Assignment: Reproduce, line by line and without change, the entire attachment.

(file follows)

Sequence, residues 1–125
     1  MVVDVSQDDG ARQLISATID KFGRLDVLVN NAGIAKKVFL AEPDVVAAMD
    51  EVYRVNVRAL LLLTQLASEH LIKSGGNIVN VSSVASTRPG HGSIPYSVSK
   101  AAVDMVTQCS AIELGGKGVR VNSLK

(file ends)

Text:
Sequence, residues 1–125
     1  MVVDVSQDDG ARQLISATID KFGRLDVLVN NAGIAKKVFL AEPDVVAAMD
    51  EVYRVNVRAL LLLTQLASEH LIKSGGNIVN VSSVASTRPG HGSIPYSVSK
   101  AAVDMVTQCS AIELGGKGVR VNSLK